With so much going on around the holidays, it can be easy to get caught up in the hustle and bustle. Things you might be adamant about during other parts of the year might get set aside as you take on more projects around the holidays. Decorating, baking, shopping, wrapping gifts, and spending time with family can distract from important safety protocol. Maybe you didn’t check the gauges on your vehicle before leaving for a long trip. Perhaps you neglected to pack snow chains or a spare tire. Regardless of what the situation, having car trouble while traveling for the holidays can be very dangerous.
Now is a great time of year to remind people of important vehicle safety measures. Whether your businesses is responsible for a fleet of vehicles or you just want to remind your employees of the potential potential dangers here’s
What to Do If…
You’re Experiencing Car Trouble
Traveling is stressful enough, but around the holidays it can be worse. Extra traffic, icy roads, and snowy conditions can make driving a little hectic. The last thing anyone wants is to get caught in an accident or break down on the side of the road. Here’s what to do if you are caught in a traffic incident during your holiday commute:
Vehicle Breakdowns and Flat Tires
Always pull over as far away from oncoming traffic as possible. Be careful when getting out of the vehicle and do your best to avoid standing near oncoming traffic. Set up reflective road signs or road flares a few feet away from your vehicle to alert oncoming drivers that you are there. This is especially important at night time. Contact AAA, your insurance company, or a local towing service for roadside assistance in making repairs or removing the vehicle from the side of the road and to a repair shop.
Stuck in a Snowbank
Use flairs or reflectors to alert passing vehicles that you are there. Attempt to free the vehicle by digging the snow away from the tires. Clear snow away from the vehicle’s tailpipe to avoid carbon monoxide poisoning. If you do not have snow chains, place your car’s floor mats under the tires to increase traction for your tires as you try to maneuver out of the snow. Call for a tow truck if you can not get your vehicle out of the snow safely. Call for emergency assistance if needed. If trapped for a significant amount of time with the inability to make a phone call, find something to make a flag to attach to your car’s antenna to alert possible passing cars that you are there. Stay bundled and do not remove your clothing. Find extra layers to put on or blankets if possible. Only run the vehicle intermittently for heat. DO NOT run the vehicle nonstop as this can increase the chance of carbon monoxide poisoning and burn gasoline that may be needed when help arrives to free your vehicle. Stay in the vehicle for as long as possible in order the shelter from the cold. Only get out to clear the windshield and tailpipe every so often. Stay alert for passing vehicles so that you can honk your car’s horn or wave for them to stop and assist you.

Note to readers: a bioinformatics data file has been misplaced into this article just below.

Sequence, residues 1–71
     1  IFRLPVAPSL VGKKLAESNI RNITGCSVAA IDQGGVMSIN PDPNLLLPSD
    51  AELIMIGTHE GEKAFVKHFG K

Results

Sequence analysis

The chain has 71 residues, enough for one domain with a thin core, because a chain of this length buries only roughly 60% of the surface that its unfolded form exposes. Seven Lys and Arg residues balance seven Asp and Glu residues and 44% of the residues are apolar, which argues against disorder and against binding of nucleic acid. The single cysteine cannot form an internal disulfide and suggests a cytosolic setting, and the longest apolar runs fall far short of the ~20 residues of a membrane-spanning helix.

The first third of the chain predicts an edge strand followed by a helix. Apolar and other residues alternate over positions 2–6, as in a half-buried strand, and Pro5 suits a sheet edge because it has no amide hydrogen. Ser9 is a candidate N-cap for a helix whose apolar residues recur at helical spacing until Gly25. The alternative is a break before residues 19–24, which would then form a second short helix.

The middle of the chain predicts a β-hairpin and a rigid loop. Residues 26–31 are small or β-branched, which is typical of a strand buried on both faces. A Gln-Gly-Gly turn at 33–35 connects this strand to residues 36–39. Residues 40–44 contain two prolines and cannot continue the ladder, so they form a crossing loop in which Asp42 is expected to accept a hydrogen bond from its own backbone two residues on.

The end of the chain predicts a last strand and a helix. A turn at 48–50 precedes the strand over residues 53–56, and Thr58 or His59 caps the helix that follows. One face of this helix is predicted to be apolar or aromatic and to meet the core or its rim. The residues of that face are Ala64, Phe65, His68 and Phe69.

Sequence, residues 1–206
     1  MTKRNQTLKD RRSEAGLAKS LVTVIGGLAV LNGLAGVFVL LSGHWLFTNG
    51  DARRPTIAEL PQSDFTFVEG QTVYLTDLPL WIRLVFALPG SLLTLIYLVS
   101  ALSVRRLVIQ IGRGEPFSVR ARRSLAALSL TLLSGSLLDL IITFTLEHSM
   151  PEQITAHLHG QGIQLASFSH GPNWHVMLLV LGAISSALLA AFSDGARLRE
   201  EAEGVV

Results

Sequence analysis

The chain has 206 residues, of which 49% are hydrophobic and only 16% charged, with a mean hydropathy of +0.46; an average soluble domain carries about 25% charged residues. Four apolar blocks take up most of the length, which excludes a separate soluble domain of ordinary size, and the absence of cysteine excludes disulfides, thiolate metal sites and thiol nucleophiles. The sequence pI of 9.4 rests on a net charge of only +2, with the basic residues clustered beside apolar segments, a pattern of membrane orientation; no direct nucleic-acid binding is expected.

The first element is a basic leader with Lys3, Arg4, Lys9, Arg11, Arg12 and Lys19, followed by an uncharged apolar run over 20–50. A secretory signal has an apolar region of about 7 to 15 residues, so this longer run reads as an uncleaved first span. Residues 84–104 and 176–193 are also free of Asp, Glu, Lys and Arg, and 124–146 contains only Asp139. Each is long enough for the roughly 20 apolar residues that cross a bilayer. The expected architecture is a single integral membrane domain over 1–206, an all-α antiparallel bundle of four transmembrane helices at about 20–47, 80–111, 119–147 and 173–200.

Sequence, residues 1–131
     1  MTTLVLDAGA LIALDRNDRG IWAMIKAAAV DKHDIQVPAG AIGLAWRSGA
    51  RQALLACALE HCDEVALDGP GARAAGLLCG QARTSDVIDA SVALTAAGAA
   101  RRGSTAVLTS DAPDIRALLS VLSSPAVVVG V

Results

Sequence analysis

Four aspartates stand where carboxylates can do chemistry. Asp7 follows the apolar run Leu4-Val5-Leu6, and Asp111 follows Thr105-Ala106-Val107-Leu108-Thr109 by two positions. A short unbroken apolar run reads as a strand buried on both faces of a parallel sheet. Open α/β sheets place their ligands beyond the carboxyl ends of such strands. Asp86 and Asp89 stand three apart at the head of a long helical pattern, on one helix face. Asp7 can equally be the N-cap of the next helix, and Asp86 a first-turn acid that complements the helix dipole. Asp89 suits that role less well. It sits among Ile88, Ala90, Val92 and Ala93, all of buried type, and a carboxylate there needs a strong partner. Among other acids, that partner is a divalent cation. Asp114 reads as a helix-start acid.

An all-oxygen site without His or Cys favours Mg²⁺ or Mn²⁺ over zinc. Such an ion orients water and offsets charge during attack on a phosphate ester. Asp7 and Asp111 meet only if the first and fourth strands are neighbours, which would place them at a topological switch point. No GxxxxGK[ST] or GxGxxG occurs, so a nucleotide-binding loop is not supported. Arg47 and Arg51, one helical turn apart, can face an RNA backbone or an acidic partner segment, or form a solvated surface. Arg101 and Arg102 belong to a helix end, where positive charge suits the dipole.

Car Accidents Without Injuries
STOP and do not drive away from the scene. Call for emergency assistance and have a police officer arrive on scene to fill out an accident report. Take pictures of the damages done to both vehicles. Exchange insurance information with the other driver and contact your own insurance company if necessary. Follow up with the claims process as instructed by your insurance company.
Car Accidents With Injuries
STOP and do not drive away from the scene. Call for emergency medical assistance and receive treatment for any and all injuries. Cooperate with law enforcement to provide information, accident details, and exchange insurance company information with the other involved party.
Fleet Drivers and Company Cars
Be sure your driver’s license and driving record are valid and clean. Follow all company prerequisite guidelines including safety checks BEFORE getting into the vehicle. Be sure the vehicle has had periodic maintenance and is insured by a fleet insurance provider. If involved in a car accident, follow all accident procedures and then contact the company’s Human Resources department or Vehicle Management department to report the incident.
Other Important Safety Tips
- Always do routine safety checks of your vehicle before traveling. Pack a road side safety kit and include extras like a blanket and gloves in the winter.
- NEVER consume drugs or alcohol before getting behind the wheel of a vehicle.
- Always travel with a fully charged cellphone or other mobile device.
- Be sure you are well rested before traveling. Do not drive if you are drowsy or taking medications that could make you drowsy.
- Never text and drive.
- Drive slowly and stay alert. Be mindful of ice and snow on the roads.
Follow our blog for updates! For more tips on surviving the holidays, follow our What to Do If series. We have safety tips and information on what to do if you are experiencing: